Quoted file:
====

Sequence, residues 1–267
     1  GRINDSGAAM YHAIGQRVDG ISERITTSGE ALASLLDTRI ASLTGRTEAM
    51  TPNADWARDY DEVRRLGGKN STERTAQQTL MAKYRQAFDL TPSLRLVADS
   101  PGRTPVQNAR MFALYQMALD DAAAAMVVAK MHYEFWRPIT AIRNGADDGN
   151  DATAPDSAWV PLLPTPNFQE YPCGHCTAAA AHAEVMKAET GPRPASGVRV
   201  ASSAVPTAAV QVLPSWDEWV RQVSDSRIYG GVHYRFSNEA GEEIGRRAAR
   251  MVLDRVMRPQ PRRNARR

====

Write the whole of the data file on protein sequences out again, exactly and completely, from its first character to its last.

Sequence, residues 1–267
     1  GRINDSGAAM YHAIGQRVDG ISERITTSGE ALASLLDTRI ASLTGRTEAM
    51  TPNADWARDY DEVRRLGGKN STERTAQQTL MAKYRQAFDL TPSLRLVADS
   101  PGRTPVQNAR MFALYQMALD DAAAAMVVAK MHYEFWRPIT AIRNGADDGN
   151  DATAPDSAWV PLLPTPNFQE YPCGHCTAAA AHAEVMKAET GPRPASGVRV
   201  ASSAVPTAAV QVLPSWDEWV RQVSDSRIYG GVHYRFSNEA GEEIGRRAAR
   251  MVLDRVMRPQ PRRNARR